Penalty kick on full time saves the day
Sam Jurisich kicks Palmyra to victory on full time to walk away victors over Wests 21-19
It was a reasonably good day at the office for Palmyra on Sunday, with five wins and two losses in seniors, albeit one win was a forfeit and another was a bye.
Premier Grade won in dramatic fashion, courtesy of a last gasp penalty shot at goal by Sam Juresich.
The game began with Wests dominating the first fifteen minutes and they were unlucky not to be in front by that time, with two relatively straight forward penalties not being converted into points by their kicker and Force recruit, Jayden Hayward.
Palmyra’s revival then began with a strong run by Sean Stapleton up the sideline, gaining 30 metres of territory. An infringement by Wests at the breakdown 40 metres from the posts led to a penalty which was slotted by Jurisich.
This was followed by a bullocking break by Force prop Salesi Manu which drove Palmyra 30 metres upfield, superbly backed up by fellow prop Joe Savage, who gained a further 30 metres of territory before Wests were able to stop him. Wests infringed at the breakdown, giving Juresich a penalty right in front of goal which he had no difficulty in converting into points.
Wests were not to be intimidated however and immediately took it back to Palmyra and they too were rewarded with a penalty 20 metres from the posts. This time Hayward made no mistake with his kick.
The ascendency for the rest of the first half see-sawed intermittently between the two sides. Palmyra lost strapping home grown Flanker Hayden Croghan to a cut above the eye which bled profusely, and subsequently required seven stitches.
West had a further opportunity to advance with a kickable penalty which hit the post and was cleared by Palmyra, and thereafter it was an ongoing exchange of penalties, with neither side being able to capitalise and neither looking like they were going to score tries despite the enthusiastic and exuberant efforts of referee John Hill who gave both teams every conceivable opportunity of doing so.
Wests however appeared more desperate in the dying minutes of the half, and their determination paid off when they scored near the posts after some scrambled and uncoordinated defence by Palmyra was not enough to prevent a breakthrough. The try was converted by Hayward , and the score at the break was 10 -6 to Wests.
Palmyra regrouped at the commencement of the second half, and were awarded a difficult 40 metre penalty which they were unable to convert into points. Being an equal opportunity referee, Hill gave Wests another chance at a penalty from 25 metres, which Hayward gratefully accepted, and Wests led 13 – 6.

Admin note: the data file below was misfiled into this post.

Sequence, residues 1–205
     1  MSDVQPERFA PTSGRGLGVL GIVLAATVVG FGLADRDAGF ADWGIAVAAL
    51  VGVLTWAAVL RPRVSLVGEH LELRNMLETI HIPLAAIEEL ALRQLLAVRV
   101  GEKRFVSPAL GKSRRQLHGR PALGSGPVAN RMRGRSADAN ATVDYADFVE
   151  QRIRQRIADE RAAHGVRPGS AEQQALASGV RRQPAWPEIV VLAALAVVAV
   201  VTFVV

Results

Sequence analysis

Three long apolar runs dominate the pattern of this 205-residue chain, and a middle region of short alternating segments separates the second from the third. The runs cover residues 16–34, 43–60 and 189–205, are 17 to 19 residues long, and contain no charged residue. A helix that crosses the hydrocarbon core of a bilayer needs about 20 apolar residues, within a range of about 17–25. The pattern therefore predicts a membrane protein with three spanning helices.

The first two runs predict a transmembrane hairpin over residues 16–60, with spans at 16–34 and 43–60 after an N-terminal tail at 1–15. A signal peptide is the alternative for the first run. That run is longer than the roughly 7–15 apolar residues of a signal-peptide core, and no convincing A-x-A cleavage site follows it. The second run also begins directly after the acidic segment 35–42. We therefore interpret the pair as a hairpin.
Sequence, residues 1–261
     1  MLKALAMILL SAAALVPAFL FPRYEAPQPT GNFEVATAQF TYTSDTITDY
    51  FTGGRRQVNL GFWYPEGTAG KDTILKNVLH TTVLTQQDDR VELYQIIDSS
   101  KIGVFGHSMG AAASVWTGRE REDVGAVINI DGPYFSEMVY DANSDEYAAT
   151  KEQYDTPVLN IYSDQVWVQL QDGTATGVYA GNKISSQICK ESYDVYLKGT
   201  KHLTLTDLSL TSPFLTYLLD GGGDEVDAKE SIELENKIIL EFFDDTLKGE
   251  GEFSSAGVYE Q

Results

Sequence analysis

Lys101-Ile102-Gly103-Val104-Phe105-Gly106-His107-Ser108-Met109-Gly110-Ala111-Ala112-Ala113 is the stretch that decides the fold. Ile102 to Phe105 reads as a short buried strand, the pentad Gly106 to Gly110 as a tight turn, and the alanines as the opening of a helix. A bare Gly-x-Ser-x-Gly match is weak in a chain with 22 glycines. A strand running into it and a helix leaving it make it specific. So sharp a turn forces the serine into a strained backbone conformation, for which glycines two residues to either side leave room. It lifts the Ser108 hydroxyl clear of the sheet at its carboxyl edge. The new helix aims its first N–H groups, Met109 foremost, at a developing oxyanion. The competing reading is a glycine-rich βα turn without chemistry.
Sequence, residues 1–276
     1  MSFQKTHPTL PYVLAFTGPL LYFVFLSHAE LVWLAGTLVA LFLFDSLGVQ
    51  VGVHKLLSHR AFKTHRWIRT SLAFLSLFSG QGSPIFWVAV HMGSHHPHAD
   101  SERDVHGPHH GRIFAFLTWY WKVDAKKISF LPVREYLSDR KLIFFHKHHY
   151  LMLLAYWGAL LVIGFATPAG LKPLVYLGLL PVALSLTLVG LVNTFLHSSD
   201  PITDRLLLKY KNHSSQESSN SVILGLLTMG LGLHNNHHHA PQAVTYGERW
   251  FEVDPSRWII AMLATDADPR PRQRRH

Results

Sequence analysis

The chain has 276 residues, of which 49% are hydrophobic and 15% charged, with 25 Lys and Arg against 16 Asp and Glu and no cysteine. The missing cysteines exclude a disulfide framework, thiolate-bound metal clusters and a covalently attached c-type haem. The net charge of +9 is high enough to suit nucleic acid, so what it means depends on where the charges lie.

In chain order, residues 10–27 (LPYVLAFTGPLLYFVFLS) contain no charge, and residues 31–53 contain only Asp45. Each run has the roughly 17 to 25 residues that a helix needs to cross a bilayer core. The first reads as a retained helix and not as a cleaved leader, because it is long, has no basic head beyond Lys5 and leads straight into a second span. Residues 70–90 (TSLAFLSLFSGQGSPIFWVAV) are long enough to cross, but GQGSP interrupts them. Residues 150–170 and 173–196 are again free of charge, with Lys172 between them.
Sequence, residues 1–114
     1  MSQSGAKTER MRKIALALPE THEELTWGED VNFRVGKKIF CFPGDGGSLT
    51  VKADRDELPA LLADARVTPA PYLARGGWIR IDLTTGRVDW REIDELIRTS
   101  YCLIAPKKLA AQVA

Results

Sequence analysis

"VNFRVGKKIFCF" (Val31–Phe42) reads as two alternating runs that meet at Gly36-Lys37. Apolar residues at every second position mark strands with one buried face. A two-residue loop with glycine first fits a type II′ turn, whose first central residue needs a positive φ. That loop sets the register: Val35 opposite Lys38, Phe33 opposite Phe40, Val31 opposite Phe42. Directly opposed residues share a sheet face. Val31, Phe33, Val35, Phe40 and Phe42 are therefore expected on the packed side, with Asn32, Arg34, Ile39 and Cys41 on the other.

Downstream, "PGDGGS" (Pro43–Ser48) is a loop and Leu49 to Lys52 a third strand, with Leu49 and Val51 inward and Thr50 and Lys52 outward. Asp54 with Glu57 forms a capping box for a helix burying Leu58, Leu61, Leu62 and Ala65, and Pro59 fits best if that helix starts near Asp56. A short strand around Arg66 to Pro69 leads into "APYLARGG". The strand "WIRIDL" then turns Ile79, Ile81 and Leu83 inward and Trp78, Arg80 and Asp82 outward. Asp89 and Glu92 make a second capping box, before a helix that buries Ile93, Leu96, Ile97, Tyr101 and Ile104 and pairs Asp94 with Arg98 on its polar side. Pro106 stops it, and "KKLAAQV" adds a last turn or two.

This seemed to sting Palmyra into redoubling their efforts. Captain Savage set up a try from a powerful pass out of a scrambling ruck, the ball ended up in the safe hands of winger Steven Cullingworth and he scurried over the line untouched for a straight forward try. The extra points were added by Jurisich, and it was game on again, with the score 13 all.
Wests remained unfazed, and were soon awarded yet another penalty after a Palmyra player knocked on after charging down a Wests kick (Yes, they do award penalties for knock ons these days, apparently). Hayward had no trouble converting it into points, and Wests were in the lead again.
Two further kickable penalties ensued, one to each club, neither of which resulted in points.
Palmyra then again lifted its work rate. A scrum 5 or so metres from the Wests line displayed the power of its pack when allowed to do its job. Clinically they marched Wests backwards, there were two serious off side infringements by desperate Wests defenders which went serenely unnoticed as the Palmyra halfback was about to score from the base of the pack, and inexplicably (to Palmyra supporters at least) a penalty kick was awarded to Wests instead of a penalty try to Palmyra.
The deep resulting kick put Wests into Palmyra’s half and a further penalty to Wests 20 metres in front of goal led to Hayward securing another 3 points for his team.
From the kick off Savage secured the ball and offloaded, replacement prop Conor Higgins received the pass and charged downfield before the ball was eventually offloaded again to to outside centre Tutere Waenga who scored in the corner, unfortunately injuring himself (not seriously) in the process. The conversion was missed by Jurisich, the score card then being 19 -18 in West’s favour, and time fast running out for Palmyra..
Palmyra secured the ball from the kickoff, and penetrated deep into West’s half; referee Hill spotted a Wests infringement near the sideline and awarded Palmyra a near impossible penalty kick.
With seconds only of time remaining, and in almost perfect silence, Jurisich took the shot which sailed coolly over the crossbar. Hill blew the full time whistle, and Palmyra emerged an unlikely winner in the circumstances.
Both forward packs played well, though Palmyra had the ascendency in the set pieces, with Savage, Shane Manu and Salesi Manu, and later Conor Higgins, controlling the scrums, and James Riddell dominating most lineouts.
Best player for Palmyra was Sean Stapleton who was everywhere in defence, shutting Hayward out of the game, while Savage led through experience and example, and Riddell was exceptional, both in the lineouts and in his support of the ball carriers.
Some of Palmyra’s newer backs seemed awed by the occasion and did not reach the heights they displayed in the trial games but this was probably due in part to the ferocity of the West backline in defence, generalled by Hayward, and the fact that this was the first game most had played in together. To their credit, their confidence grew as the game progressed.
All in all it was a thrilling encounter between two competent teams, played fairly and in good spirit with no quarter asked or given, and until the last second could have gone either way.